How to buy cannabis with bitcoin

I remember the first time I saw a mobile phone in person. While I don’t remember the exact year, I do remember what it looked like. And I do remember I was still at school. That would roughly put the timeframe in the late 80s early 90s.

It was big chunk of a thing. Far bigger than the handset you’d find on pay phones at the time. But the most notable thing on it was the giant rubber aerial sticking out the top of it. I remember that aerial because I can vaguely remember my brother whipping me on the legs with it, and dad not being happy about playing with it in such a way.

Back then not many people had mobile phones. After all, why would you really need one unless you were a big-swingin’ business person? If I wanted to call someone, I’d call from the home phone. Or if by chance you needed to call someone when out, you’d use a pay phone, perhaps even with one of those phone cards.

Sometimes they answered, sometimes they didn’t. That would then lead to other self-motivated actions like walking home or taking the bus. Or burning some time at the shops and then calling again – and then walking home.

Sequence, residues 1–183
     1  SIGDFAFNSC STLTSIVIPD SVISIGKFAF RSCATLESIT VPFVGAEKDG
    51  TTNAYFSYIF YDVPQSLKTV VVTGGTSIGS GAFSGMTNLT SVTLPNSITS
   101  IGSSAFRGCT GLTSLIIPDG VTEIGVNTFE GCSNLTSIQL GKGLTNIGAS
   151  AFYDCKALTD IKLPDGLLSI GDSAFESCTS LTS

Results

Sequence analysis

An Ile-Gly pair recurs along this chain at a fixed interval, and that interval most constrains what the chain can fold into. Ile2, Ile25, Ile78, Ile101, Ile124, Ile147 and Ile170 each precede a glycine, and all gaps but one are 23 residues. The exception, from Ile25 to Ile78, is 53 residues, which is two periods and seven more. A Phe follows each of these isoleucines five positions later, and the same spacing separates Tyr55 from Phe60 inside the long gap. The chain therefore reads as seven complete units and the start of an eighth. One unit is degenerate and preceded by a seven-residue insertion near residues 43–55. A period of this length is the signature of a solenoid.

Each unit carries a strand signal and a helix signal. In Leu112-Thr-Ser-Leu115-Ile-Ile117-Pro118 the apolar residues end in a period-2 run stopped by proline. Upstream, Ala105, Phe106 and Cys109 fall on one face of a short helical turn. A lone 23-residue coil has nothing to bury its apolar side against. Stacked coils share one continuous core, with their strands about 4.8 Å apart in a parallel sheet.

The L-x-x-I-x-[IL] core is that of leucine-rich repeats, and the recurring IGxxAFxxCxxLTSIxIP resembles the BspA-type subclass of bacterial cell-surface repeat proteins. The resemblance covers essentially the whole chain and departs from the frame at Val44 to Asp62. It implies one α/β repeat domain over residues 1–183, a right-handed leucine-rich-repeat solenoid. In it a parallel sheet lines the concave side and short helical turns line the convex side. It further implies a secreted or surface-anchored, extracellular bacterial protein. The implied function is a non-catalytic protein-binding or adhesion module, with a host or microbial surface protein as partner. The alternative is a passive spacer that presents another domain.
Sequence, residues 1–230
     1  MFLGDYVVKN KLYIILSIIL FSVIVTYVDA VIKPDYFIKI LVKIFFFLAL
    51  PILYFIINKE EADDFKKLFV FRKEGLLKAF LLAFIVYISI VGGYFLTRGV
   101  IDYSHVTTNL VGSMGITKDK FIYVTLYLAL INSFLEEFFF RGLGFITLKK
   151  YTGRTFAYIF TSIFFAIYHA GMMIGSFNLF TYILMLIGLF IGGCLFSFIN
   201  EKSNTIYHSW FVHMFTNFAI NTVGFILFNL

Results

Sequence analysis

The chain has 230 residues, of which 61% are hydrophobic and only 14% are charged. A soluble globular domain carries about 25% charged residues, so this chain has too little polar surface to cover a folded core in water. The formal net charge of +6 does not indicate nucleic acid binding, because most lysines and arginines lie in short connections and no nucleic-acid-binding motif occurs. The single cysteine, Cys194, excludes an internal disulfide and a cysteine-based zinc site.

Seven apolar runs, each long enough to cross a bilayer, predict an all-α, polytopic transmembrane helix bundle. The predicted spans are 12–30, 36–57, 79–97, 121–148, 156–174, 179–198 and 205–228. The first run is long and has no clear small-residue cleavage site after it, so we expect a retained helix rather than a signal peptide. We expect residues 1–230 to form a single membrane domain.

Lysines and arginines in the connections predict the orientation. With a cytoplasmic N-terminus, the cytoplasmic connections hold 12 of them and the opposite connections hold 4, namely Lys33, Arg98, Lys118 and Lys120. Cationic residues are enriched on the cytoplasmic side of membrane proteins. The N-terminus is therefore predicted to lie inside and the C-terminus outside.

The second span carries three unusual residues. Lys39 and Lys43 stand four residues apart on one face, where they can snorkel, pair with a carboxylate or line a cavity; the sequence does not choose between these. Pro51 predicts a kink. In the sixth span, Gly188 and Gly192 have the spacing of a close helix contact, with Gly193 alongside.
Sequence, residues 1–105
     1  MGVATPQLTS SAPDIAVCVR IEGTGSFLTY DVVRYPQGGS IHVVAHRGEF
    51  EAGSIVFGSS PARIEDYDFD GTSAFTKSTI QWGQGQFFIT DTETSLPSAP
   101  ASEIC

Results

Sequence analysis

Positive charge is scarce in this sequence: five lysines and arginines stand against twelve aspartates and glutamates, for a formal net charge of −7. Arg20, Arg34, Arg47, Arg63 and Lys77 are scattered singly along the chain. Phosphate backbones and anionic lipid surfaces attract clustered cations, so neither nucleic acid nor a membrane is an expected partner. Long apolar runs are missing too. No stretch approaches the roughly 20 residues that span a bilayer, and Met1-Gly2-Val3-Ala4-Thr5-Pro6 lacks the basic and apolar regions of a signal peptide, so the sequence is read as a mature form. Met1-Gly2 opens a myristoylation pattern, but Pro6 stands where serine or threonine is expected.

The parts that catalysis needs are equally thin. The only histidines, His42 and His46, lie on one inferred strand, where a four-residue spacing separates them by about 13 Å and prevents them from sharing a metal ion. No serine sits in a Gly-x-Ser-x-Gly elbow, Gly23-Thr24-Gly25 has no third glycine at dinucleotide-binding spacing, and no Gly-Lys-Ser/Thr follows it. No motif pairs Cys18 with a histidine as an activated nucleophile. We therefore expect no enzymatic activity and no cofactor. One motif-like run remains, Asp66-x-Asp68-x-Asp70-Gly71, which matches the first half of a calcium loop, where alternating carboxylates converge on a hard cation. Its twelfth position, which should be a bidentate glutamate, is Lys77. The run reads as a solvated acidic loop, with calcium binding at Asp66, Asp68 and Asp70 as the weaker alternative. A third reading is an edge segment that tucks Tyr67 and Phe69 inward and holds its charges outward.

It was an interesting time to be alive. It was also one of those exciting times when you would go on holiday with the family. That’s not out of the ordinary you might think…

Except when you went on a holiday in the 80s and 90s no one else knew what it was like until you got home. You’d take the film out of the camera, pop down to the shops – usually the Kodak section at the pharmacy – and get the film developed.

You’d then head over to the food court, grab a muffin and milkshake from Muffin Break, do some grocery shopping at Safeway, then go pick up the pictures. Some of the pictures would have a thumb over them, some would be out of focus or out of frame. And you’d maybe get a dozen or so decent ones that you’d pop into the photo book when you got home.

Ah the good old days…

Shove that up your technophobe undies

I also remember the day we got our first digital telephone. We headed down to Brandon Park shopping centre in the south-eastern suburbs of Melbourne. Parked the car up and headed towards the Tandy electronics store.

The phone itself was wireless. Incredible really, because the phone downstairs (and old rotary dial phone) you had to stand next to when talking to someone. But this new one (a Panasonic) you could walk all over the house with it. Incredible stuff.